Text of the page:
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Marines killed in bomb attack

Three Turkish hostages released, official says


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Turkish hostages freed; Saddam transfer set.

The family of a missing U.S. Marine pleads for his safety.

Interim Prime Minister Ayad Allawi faces daunting task.
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BAGHDAD, Iraq (CNN) -- Three Marines were killed and two were wounded in Baghdad when a roadside bomb exploded as their humvee passed by the device, the Coalition Press Information Center said.

The improvised explosive device hit the lead vehicle in a Marine convoy, according to a U.S. soldier who was supervising the removal of the damaged humvee.

The humvee -- with flattened tires, a crumpled front end and blood splattered inside -- was hooked up to a military tow truck and hauled away Tuesday morning.

The total number of troops killed in the Iraqi war is 857.

Also Tuesday, three Turkish hostages were released by their militant captors in Iraq.

The three Turks told their government they have been freed, according to a Turkish Foreign Ministry official. Their kidnappers had threatened to behead the men unless Turkish companies stopped doing business with the U.S. military in Iraq.

A Turkish spokesman said the men informed the Turkish government they were returning to Turkey.

The men had been abducted by a group led by suspected al Qaeda operative Abu Musab al-Zarqawi. (Full story)

Saddam transfer set for Wednesday

The new Iraq government will assume legal custody Wednesday of former dictator Saddam Hussein and as many as 11 other key officials of his regime, interim Iraqi Prime Minister Ayad Allawi said Tuesday.

Allawi said all will face trial on charges of crimes against humanity, genocide and war crimes in the Iraqi Special Tribunal, set up late last year. (Full story)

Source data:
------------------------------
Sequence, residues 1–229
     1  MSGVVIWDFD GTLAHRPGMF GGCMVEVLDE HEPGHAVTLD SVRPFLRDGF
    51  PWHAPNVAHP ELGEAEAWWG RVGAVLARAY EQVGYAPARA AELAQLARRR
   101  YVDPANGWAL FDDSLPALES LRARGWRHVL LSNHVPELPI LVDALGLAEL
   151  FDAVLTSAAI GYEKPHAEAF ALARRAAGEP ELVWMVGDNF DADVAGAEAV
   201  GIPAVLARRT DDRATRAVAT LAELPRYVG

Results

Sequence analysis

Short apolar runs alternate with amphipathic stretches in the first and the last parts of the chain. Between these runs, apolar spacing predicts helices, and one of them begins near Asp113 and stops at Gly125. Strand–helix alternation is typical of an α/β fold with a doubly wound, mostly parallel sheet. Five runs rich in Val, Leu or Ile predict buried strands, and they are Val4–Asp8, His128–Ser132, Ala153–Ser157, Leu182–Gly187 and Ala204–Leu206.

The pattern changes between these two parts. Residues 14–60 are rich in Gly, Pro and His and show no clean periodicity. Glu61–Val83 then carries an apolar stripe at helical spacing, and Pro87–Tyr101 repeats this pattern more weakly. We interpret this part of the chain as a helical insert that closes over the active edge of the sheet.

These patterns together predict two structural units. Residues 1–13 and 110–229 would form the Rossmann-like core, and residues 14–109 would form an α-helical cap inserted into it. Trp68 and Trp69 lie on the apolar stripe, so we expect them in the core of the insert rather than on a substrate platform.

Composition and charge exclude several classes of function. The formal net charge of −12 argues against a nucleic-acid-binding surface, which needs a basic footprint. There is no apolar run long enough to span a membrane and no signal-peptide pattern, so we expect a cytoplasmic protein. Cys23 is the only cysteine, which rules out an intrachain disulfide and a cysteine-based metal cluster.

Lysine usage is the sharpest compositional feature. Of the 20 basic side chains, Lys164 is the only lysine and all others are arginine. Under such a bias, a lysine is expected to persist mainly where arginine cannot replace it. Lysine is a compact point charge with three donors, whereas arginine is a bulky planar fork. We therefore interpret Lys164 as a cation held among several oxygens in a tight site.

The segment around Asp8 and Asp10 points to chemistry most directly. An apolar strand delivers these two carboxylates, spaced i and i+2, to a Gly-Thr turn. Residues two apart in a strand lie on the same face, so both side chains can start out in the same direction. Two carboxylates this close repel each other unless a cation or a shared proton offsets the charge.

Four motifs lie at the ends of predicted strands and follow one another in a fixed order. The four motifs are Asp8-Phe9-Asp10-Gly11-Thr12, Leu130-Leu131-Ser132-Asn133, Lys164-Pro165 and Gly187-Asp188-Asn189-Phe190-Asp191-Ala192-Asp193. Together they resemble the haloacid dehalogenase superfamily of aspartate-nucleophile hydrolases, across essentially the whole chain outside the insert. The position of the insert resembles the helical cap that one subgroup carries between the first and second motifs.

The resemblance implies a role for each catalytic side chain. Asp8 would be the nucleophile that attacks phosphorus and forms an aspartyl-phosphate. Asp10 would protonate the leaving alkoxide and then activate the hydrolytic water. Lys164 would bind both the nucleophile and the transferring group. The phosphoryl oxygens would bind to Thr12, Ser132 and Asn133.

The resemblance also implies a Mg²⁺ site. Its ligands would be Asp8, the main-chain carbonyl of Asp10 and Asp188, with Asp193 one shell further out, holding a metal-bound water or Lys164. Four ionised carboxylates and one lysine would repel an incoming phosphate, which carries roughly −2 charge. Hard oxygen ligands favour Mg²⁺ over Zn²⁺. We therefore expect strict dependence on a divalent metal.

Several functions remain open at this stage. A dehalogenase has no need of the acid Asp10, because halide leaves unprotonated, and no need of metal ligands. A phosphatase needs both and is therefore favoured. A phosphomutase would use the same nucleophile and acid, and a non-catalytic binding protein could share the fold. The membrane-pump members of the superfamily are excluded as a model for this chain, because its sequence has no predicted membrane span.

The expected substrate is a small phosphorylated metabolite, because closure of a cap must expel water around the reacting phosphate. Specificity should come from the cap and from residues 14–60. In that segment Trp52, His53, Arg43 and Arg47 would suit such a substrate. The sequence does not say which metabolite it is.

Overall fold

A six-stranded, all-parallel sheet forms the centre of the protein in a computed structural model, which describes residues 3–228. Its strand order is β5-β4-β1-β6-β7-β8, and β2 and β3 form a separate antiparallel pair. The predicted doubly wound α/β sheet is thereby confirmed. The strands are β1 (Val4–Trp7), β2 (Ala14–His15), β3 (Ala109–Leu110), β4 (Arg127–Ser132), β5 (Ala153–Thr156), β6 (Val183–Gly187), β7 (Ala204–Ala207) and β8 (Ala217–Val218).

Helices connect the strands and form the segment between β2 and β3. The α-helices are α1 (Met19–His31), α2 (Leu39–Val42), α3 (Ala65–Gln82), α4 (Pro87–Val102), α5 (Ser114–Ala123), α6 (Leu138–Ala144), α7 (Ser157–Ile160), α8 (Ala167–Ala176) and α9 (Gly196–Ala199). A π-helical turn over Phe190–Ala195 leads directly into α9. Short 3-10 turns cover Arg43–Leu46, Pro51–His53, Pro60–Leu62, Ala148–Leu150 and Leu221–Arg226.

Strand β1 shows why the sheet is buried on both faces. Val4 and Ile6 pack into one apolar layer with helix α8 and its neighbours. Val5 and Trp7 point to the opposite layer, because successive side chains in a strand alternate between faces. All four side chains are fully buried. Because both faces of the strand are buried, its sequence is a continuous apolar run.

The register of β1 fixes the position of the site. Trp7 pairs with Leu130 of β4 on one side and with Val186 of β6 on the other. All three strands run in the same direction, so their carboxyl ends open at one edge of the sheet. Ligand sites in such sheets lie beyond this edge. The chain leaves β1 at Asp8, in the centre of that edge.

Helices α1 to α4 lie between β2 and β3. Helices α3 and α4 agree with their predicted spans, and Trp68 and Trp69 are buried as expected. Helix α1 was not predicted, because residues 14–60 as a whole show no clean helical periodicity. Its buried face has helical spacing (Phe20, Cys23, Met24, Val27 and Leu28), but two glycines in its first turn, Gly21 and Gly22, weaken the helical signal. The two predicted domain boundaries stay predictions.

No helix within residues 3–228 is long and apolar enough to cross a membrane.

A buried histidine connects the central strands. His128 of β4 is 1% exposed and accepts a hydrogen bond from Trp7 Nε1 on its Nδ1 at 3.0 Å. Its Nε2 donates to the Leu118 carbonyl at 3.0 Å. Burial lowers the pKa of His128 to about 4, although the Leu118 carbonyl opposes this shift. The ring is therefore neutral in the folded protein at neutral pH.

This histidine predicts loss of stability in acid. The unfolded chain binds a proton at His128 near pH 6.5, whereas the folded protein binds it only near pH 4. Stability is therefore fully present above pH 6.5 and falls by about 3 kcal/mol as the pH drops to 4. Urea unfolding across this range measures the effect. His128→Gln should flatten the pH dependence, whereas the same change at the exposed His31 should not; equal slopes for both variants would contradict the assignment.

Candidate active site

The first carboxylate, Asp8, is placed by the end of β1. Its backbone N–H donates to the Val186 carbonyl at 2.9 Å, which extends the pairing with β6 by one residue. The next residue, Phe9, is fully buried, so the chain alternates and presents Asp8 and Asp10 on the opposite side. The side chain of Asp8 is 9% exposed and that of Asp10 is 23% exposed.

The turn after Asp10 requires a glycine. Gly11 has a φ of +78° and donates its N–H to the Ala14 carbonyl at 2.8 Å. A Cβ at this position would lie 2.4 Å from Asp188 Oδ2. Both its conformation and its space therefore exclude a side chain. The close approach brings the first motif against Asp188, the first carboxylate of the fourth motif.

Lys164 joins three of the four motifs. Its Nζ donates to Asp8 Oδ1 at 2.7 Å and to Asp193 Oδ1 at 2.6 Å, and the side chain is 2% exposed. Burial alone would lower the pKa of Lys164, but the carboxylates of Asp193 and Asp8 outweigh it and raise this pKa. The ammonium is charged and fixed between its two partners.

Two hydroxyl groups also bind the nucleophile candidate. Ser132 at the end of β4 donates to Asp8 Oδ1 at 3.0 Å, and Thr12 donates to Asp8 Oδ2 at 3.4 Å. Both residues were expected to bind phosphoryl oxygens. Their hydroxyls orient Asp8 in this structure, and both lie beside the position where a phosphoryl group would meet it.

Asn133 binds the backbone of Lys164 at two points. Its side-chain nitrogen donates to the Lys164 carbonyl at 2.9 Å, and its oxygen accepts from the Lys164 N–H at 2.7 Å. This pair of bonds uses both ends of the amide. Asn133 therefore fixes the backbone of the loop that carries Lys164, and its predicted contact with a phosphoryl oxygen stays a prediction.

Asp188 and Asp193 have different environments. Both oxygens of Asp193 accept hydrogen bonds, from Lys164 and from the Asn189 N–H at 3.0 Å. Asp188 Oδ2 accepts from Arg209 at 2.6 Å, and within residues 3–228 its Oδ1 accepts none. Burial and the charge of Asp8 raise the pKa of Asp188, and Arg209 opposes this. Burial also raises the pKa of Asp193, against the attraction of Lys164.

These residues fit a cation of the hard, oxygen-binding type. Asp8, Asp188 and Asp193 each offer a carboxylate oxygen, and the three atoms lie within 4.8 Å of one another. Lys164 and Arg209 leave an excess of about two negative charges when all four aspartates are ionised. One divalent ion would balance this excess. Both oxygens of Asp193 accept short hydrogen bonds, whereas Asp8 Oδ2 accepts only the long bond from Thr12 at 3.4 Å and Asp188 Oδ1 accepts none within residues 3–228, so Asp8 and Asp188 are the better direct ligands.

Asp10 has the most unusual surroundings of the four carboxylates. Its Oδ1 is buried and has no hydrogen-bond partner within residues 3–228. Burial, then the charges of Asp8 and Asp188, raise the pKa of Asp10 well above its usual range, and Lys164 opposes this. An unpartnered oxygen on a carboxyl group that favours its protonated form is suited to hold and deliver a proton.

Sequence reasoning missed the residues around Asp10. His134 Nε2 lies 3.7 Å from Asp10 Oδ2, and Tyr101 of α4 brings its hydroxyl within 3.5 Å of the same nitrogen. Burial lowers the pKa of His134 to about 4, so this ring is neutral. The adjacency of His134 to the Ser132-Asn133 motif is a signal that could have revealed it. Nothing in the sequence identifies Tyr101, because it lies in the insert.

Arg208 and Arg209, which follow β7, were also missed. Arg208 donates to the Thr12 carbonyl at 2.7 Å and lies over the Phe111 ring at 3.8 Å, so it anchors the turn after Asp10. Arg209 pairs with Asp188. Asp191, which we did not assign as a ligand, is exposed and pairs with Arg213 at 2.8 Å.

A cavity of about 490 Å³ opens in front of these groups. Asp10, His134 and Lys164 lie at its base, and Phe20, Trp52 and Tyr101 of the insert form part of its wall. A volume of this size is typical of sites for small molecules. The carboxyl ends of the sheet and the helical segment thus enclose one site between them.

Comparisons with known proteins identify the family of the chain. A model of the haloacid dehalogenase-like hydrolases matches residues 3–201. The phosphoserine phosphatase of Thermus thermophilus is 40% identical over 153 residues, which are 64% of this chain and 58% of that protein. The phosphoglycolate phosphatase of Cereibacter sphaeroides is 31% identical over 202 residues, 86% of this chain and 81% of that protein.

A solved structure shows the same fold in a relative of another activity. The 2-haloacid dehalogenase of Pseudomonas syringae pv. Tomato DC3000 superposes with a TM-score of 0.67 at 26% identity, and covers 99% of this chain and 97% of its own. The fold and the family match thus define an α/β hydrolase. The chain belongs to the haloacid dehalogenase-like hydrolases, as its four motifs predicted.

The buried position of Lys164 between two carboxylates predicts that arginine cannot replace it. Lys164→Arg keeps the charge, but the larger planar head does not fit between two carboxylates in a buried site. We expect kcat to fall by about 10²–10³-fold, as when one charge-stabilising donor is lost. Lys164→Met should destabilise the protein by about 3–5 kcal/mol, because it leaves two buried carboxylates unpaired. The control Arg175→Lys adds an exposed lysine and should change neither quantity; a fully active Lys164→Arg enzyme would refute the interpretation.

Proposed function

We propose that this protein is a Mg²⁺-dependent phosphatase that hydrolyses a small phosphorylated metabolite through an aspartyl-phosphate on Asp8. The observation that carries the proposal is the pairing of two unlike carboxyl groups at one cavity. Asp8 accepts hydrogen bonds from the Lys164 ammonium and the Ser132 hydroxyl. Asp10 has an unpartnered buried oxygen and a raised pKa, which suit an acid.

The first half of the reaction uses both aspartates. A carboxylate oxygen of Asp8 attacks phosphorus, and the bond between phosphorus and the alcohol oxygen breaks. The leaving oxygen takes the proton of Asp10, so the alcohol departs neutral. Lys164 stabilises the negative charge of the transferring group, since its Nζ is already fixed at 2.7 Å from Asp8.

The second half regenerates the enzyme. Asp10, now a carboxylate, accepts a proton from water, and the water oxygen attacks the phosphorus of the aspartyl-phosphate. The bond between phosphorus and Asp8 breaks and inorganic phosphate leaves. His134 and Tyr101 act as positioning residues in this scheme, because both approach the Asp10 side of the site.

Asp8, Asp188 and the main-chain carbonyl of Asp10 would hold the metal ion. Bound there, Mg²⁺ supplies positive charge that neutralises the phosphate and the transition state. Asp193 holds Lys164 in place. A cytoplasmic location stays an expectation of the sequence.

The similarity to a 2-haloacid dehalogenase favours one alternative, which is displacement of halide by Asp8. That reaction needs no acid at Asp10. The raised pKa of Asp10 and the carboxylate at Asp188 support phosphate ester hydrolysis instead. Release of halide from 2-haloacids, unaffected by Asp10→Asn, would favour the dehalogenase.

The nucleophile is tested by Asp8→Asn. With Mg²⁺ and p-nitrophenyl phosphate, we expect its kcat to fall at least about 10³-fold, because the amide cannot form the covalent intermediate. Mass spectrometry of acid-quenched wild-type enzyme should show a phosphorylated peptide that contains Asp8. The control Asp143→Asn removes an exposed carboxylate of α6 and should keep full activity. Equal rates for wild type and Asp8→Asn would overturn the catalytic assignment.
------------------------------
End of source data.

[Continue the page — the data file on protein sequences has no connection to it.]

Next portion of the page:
He also said Hussein and the others will be charged by an Iraqi investigative judge Thursday.

The prisoners will remain in physical custody of the coalition military until the Iraqi security apparatus is ready to hold them, Allawi said, but they will be legally in Iraqi custody until their trials.

"We will likely not see the trial of Saddam and his associates for a number of months," the prime minister said. "I urge the Iraqi people to be patient."

Saddam was captured in December by U.S. forces near his hometown of Tikrit.

Marine's brother begs for his release

The brother of a U.S. Marine captured in Iraq told CNN on Tuesday that the blindfolded man shown in a video with a curved sword above his head is definitely his brother -- and he pleaded for whomever was holding him to "just release him."

"He's just a soldier doing his job like any other person," Sami Hassoun said in a telephone interview from his home in Beirut, Lebanon. "Please leave him, for the sake of God, for the sake of his mom and dad." (Full story)

The U.S. military said that Cpl. Wassef Hassoun, a Marine translator, was last seen on June 19 and reported missing on June 20. A Defense Department official said Tuesday that Hassoun had been officially classified as "captured."